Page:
Cite this

Laguitton, O., Gold, M. R., Kennaird, D. A., Crua, C., Lacoste, J., & Heikal, M. (2002). Spray development and combustion characteristics for common rail Diesel injection systems. In IMechE Conference on Fuel Injection Systems
Laguitton, O. ; Gold, M.R. ; Kennaird, D.A. ; Crua, Cyril ; Lacoste, J. ; Heikal, Morgan. / Spray development and combustion characteristics for common rail Diesel injection systems. IMechE Conference on Fuel Injection Systems. 2002.
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Laguitton, O, Gold, MR, Kennaird, DA, Crua, C, Lacoste, J & Heikal, M 2002, Spray development and combustion characteristics for common rail Diesel injection systems. in IMechE Conference on Fuel Injection Systems. IMechE Conference on Fuel Injection Systems, 26/11/02.

Spray development and combustion characteristics for common rail Diesel injection systems. / Laguitton, O.; Gold, M.R.; Kennaird, D.A.; Crua, Cyril; Lacoste, J.; Heikal, Morgan.

IMechE Conference on Fuel Injection Systems. 2002.

Research output: Chapter in Book/Conference proceeding with ISSN or ISBNConference contribution with ISSN or ISBN

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T1 - Spray development and combustion characteristics for common rail Diesel injection systems

AU - Laguitton, O.

AU - Gold, M.R.

AU - Kennaird, D.A.

AU - Crua, Cyril

AU - Lacoste, J.

AU - Heikal, Morgan

N1 - © IMechE 2003

PY - 2002/11/26

Y1 - 2002/11/26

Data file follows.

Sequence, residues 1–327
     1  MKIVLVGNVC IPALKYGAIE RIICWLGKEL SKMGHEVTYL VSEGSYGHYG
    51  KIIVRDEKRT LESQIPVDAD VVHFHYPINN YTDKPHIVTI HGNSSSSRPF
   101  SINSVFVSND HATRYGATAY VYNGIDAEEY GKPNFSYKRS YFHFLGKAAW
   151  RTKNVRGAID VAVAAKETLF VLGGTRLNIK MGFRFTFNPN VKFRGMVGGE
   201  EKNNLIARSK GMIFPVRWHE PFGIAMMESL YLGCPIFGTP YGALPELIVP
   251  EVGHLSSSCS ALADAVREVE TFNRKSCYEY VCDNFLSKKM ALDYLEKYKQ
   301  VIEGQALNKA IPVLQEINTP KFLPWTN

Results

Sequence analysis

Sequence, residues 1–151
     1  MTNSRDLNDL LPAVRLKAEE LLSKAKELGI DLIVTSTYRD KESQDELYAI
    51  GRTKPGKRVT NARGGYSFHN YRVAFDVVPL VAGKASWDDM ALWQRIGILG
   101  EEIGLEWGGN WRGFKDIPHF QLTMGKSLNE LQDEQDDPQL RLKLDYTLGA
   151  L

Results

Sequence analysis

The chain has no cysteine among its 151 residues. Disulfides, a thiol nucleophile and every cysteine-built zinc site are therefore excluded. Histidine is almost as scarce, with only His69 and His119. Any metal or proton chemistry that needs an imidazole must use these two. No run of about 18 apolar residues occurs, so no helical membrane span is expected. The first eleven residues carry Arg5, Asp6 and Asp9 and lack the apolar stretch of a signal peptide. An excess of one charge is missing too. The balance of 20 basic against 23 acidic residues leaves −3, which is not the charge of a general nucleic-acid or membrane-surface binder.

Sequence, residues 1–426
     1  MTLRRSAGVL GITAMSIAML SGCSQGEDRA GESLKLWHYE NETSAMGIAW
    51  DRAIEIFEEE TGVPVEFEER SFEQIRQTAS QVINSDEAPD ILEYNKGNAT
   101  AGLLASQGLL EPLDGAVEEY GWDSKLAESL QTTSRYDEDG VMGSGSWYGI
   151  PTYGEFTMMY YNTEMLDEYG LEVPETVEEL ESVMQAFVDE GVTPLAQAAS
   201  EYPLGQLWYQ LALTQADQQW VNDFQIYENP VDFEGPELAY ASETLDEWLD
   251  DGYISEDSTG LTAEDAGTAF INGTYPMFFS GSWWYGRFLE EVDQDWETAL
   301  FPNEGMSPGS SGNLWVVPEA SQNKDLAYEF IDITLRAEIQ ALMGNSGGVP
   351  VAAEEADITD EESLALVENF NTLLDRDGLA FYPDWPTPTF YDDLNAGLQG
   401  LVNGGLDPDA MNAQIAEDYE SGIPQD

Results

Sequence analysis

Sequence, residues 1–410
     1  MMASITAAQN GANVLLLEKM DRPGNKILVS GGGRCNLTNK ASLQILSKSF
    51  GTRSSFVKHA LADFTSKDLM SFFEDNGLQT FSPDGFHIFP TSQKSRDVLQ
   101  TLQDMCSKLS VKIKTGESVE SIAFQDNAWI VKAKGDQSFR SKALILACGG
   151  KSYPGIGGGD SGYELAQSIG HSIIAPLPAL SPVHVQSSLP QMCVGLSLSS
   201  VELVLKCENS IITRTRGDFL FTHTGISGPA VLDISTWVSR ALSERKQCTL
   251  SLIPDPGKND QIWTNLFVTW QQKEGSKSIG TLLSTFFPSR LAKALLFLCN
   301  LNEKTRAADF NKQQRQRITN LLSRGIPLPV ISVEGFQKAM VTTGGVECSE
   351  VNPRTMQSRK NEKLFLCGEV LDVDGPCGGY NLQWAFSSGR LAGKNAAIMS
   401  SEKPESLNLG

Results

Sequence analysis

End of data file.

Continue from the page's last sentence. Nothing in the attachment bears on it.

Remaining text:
N2 - An attempt to further understand the processes of auto-ignition, combustion and ultimately emission formation for a common rail diesel injection system, has lead to an investigation into the effects in-cylinder density and fuel injection pressure have on liquid penetration, vapour formation and auto-ignition delay. Although several correlations for diesel spray penetration at different operating conditions have been presented in the literature, to date the findings are in-conclusive with only limited investigation into the operating envelope expected in present and future high speed direct injection diesel engines. The present paper describes how two high-speed video cameras were utilised to achieved pseudo 3-dimensional imaging of the spray (backlit) and of auto-ignition sites (flame lumines-cence). It also describes how Schlieren imaging enabled vapour phase analysis. Data have been gathered for in-cylinder densities in the range 10 to 50 kg.m-3 and injection pressures be-tween 60 and 160 MPa. New correlations have been established for the penetration of both the liquid and vapour phases of a high-pressure diesel spray injected from a modern VCO nozzle common rail system. By increasing injection pressures and using small injector orifice sizes, it is thought that the injected diesel droplets reduce in size and penetrate further, hence increas-ing air utilisation, thus leading to faster evaporation rates and reduced ignition delay. An ex-perimental correlation for auto-ignition delay against in-cylinder density has been presented, suggesting that as the charge density increases, penetration is reduced but auto-ignition delay is reduced, indicating more favourable conditions for ignition.